This documentary series from 1996 was an excellent reflection on America and how the political scene of the 60s affected what followed. Charles Wheeler was one of the BBC’s most distinguished correspondents. Between 1965 and 1973 he served as the BBC’s man in Washington, from where he crossed the country to report on the response of a nation to civil rights reforms, the war on poverty and the Vietnam War. It was the episode on ‘Lyndon Johnson’s War’ that was the most powerful. Here we saw politicians, government officials and supporters of the president grapple with questions of loyalty. In the end, there seemed to be no room for the great society reforms Johnson proposed because the war dominated everything.
Richard Goodwin,who worked with both Presidents Kennedy and Johnson put it succinctly when he said the Vietnam War would be central to understanding the 20th Century as the Civil War had been to the 19th. Both were watersheds in the development of American society.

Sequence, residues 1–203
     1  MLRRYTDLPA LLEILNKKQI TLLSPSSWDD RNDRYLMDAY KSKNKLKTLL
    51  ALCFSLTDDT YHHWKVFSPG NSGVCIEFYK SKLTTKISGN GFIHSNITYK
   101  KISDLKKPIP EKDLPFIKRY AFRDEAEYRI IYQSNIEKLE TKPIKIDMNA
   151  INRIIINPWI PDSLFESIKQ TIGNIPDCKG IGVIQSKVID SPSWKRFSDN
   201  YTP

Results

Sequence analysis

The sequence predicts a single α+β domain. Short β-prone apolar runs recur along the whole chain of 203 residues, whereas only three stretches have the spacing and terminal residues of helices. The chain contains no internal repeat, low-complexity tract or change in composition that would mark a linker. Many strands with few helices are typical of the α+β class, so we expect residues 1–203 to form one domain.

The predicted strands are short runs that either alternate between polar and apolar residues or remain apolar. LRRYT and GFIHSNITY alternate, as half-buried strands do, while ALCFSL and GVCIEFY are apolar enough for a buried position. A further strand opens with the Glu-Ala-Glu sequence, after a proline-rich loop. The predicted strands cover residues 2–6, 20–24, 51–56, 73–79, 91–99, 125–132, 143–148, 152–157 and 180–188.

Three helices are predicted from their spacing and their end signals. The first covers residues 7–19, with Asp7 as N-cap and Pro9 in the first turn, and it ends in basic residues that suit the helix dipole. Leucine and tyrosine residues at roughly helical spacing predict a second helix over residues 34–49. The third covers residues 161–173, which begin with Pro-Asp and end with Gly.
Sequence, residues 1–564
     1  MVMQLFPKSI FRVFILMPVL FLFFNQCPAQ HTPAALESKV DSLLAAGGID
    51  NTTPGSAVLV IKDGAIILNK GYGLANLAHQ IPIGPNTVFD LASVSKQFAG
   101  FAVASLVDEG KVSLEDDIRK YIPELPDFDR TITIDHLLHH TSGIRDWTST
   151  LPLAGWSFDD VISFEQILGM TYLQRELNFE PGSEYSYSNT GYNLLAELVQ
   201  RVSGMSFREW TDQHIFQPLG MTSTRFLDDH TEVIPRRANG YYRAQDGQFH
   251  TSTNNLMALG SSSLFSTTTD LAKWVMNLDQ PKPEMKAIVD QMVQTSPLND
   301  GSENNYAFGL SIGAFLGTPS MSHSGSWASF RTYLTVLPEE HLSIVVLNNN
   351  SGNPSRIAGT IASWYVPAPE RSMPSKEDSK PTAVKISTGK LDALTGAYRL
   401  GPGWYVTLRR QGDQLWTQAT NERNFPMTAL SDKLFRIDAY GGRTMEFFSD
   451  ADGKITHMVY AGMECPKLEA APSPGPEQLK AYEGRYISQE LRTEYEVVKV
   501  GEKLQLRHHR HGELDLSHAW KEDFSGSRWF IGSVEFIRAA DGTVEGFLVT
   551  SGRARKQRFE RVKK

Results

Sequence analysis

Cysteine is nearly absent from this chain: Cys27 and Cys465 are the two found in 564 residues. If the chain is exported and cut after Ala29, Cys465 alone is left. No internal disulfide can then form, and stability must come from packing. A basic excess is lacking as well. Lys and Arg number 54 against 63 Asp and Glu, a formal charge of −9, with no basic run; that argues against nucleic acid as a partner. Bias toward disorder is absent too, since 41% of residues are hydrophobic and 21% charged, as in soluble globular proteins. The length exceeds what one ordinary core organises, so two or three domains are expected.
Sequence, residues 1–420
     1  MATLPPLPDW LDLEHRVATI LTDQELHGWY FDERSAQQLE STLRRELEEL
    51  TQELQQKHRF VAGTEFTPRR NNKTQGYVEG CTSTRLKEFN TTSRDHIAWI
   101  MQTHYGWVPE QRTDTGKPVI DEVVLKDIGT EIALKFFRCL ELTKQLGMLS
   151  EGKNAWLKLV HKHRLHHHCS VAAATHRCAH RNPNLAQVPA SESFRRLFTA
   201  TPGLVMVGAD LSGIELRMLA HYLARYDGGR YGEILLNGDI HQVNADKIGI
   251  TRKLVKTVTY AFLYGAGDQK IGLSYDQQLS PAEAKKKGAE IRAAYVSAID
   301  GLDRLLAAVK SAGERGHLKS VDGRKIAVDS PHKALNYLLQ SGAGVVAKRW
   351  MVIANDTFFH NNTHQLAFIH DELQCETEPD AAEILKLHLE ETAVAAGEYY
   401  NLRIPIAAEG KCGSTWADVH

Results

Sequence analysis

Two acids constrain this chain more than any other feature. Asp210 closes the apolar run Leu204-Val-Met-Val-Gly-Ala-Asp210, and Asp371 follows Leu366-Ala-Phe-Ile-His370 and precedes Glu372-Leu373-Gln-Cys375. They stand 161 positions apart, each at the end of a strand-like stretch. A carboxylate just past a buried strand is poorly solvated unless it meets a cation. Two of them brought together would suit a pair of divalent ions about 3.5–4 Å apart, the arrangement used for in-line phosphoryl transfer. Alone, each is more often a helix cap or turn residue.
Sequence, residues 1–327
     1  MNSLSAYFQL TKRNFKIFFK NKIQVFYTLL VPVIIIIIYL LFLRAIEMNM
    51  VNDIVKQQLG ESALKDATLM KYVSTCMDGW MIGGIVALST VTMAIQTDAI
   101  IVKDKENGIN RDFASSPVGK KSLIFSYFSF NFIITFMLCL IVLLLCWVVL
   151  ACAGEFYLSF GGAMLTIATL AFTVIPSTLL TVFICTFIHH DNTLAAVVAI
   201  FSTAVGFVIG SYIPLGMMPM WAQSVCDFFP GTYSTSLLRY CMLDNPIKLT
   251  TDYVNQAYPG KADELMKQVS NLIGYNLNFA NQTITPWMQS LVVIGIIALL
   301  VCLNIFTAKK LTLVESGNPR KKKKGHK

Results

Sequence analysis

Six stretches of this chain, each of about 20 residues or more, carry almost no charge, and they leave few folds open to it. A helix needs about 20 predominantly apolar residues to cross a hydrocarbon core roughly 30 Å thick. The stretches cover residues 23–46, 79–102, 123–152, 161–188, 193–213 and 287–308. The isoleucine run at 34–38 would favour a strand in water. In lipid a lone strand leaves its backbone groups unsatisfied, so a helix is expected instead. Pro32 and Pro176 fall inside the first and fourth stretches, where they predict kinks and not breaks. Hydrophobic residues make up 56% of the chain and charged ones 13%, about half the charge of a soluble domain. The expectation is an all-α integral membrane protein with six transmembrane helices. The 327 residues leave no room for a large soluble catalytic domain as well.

Wheeler is an erudite guide through a significant period in history. The programme shows footage from the his news reports of the 60s and Wheeler reflects on his comments from that time; he stands by most, but not all, of his comments. His judgements are adjusted by time and new information.
Wheeler’s views on Nixon have stood the test to time. When Watergate forced Nixon out of office, though, Wheeler was elsewhere in the world. He was a journalist to trust. His mission was to inform and make clear; quite different from modern news output which seeks heat rather than light. His death in 2008 left a hole the BBC have yet to fill.